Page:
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Proposed anti-nuke resolution fizzles before city council


A push to have Burlington’s city council take a stance on nuclear weapons has ended not with a bang but with a deafening “no comment.”

During a monthly work-session on Monday, the council arrived at a consensus not to endorse a United Nation’s treaty to prohibit the use of nuclear weapons that, according to its supporters, has secured the backing of hundreds of other communities around the world.

By declining to take a position on this matter, the council’s members also declared their intentions to remain neutral on other “hot-button” issues that, like the use of nuclear arms, lie outside their immediate purview as municipal officials. This overall policy was perhaps best summed up by councilman Ronnie Wall during the council’s discussion on Monday.

“If individuals members want to sign their name onto that, I’m fine with it,” Wall told his colleagues that afternoon. “But as a group, where does it end?”

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The council reached this decision despite the repeated entreaties of Alamance Peace Action, a faith-based organization that originally approached the city’s leaders in December to ask them to sign onto a resolution in support of the UN treaty.

The council had initially discussed the group’s request in January, although its members didn’t come to any firm resolutions at the time – with Wall and others requesting more time to consider the matter. On Monday, however, those who were previously torn over the issue were no longer in any doubt about how to proceed.

The council’s consensus to remain neutral received further support on Monday from Burlington’s city attorney David Huffman, who insisted that “it would not be appropriate” for the council to take stances on issues outside the city’s domain.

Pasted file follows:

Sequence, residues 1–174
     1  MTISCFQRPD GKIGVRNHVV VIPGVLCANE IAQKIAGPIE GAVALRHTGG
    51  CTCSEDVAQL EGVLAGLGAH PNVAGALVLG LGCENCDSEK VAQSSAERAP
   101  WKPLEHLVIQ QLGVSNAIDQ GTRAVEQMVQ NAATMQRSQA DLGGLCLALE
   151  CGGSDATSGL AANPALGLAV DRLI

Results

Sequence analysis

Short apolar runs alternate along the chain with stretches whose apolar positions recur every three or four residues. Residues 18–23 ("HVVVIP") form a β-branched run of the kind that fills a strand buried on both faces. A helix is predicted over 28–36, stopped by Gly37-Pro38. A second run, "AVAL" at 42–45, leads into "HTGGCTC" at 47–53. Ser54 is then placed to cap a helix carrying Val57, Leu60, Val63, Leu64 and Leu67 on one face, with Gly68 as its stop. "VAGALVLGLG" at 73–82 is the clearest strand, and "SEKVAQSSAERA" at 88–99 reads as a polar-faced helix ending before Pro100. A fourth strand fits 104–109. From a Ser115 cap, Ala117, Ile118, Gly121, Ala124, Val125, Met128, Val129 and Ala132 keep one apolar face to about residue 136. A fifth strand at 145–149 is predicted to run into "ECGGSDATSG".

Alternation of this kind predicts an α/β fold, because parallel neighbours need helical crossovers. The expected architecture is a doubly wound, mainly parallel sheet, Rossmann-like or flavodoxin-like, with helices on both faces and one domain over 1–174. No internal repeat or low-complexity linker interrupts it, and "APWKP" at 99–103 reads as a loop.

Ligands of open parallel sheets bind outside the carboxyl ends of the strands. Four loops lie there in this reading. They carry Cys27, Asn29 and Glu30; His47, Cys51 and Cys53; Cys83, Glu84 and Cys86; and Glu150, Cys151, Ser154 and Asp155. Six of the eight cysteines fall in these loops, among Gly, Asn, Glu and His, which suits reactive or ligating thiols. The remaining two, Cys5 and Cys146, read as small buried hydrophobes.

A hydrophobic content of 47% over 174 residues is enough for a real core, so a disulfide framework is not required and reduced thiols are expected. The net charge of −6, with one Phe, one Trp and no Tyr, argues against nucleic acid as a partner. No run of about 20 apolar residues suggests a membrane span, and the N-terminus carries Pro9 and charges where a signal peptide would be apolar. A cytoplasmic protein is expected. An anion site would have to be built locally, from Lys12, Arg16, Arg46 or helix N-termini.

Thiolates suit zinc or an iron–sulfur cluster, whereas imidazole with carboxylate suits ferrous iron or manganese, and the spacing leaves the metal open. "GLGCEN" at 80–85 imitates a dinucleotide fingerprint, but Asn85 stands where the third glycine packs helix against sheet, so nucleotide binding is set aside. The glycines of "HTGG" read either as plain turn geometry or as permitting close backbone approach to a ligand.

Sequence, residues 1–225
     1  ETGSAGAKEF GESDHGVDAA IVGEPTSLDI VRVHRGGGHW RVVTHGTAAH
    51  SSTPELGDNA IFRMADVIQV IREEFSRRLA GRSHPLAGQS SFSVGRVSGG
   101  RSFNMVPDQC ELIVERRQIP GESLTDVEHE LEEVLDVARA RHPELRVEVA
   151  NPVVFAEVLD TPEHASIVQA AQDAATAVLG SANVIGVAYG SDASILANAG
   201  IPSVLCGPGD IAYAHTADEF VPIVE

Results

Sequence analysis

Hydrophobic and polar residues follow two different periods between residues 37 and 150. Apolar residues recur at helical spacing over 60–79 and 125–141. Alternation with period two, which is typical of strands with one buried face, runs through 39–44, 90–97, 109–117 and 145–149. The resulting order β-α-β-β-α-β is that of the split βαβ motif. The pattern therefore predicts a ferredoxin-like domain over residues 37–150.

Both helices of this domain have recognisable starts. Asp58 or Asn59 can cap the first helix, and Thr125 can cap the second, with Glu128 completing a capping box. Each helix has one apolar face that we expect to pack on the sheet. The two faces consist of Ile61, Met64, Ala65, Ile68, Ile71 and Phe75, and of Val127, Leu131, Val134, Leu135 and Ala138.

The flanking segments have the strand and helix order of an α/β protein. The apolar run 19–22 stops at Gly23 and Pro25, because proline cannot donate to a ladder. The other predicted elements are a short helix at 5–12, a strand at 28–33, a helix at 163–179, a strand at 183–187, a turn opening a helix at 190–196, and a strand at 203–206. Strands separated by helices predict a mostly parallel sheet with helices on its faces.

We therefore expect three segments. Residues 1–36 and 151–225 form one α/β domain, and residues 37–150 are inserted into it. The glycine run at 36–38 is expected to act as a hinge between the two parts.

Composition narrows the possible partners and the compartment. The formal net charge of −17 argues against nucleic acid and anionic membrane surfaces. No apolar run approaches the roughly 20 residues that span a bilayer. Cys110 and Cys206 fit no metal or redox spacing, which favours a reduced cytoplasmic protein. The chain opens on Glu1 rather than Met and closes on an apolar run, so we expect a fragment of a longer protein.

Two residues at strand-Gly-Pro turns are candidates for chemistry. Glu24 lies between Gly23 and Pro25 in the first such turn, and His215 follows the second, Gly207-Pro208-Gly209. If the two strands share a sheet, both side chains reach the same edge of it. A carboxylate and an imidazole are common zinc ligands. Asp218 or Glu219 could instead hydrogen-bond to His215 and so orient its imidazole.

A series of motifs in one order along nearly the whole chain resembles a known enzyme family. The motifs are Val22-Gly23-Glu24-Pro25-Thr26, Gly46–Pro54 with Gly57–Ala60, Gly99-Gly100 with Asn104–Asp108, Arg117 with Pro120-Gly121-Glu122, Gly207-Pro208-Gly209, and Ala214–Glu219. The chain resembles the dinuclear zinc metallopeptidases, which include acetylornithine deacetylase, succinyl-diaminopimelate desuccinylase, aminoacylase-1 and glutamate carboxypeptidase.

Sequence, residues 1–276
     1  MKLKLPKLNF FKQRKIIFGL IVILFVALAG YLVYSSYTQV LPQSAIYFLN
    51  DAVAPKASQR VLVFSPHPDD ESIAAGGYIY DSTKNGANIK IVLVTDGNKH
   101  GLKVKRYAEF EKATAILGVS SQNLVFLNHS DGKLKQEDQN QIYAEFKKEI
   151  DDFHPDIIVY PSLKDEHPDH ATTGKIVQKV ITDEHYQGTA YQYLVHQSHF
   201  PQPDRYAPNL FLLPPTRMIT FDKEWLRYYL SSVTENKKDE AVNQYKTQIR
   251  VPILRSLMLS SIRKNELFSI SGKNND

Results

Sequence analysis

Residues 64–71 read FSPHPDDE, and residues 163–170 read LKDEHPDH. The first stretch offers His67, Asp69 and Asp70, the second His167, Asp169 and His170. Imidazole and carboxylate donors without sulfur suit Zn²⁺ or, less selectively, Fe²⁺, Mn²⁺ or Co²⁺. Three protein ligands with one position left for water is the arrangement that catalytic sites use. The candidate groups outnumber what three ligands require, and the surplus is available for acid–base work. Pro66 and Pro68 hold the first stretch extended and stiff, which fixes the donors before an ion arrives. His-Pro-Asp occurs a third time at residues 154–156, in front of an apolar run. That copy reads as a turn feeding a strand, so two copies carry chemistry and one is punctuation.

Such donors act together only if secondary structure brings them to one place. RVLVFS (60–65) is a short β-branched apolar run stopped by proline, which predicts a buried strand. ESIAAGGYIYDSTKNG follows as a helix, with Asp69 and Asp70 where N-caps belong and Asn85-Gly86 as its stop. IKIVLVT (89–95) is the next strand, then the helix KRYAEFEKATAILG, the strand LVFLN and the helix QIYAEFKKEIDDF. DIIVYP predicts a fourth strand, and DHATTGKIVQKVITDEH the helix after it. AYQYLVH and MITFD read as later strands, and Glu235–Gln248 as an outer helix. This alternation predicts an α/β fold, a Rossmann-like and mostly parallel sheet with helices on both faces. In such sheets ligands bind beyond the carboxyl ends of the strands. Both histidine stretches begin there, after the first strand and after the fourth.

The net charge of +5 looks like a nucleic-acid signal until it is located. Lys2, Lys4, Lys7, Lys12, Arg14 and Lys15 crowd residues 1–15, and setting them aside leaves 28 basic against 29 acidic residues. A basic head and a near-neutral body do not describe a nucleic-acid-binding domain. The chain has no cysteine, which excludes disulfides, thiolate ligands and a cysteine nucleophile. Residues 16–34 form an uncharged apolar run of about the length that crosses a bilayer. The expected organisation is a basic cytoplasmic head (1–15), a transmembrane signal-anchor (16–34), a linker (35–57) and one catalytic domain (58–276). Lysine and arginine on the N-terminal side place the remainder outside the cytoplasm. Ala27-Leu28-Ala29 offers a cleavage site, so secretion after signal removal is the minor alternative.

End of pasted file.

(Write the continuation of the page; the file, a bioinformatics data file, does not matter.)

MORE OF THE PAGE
“This council has faced this issue before when people have brought up hot button political issues and asked the council to take a position,” Huffman recalled during the work session.

“Some of these things are beyond the jurisdiction of the council in being able to address.

“If you are keenly interested in an item,” he added, “it doesn’t prohibit you from acting as an individual…[But] I believe the use of nuclear weapons and their prohibition as such would be a little bit above the pay grade [of the council].”

In the end, even council member Kathy Hykes, who had originally urged her colleagues to discuss the proposed resolution, seemed to have made her peace with the council’s stance of neutrality.

“If you spent any time learning what this is about, I think it was worthwhile,” she added. “I think that we can all agree that nuclear weapons are probably not a good idea. But if we were to take a position on it, I think that is another matter.”

See the newspaper’s previous editorial page opinion (Feb. 3, 2022) on the issue:


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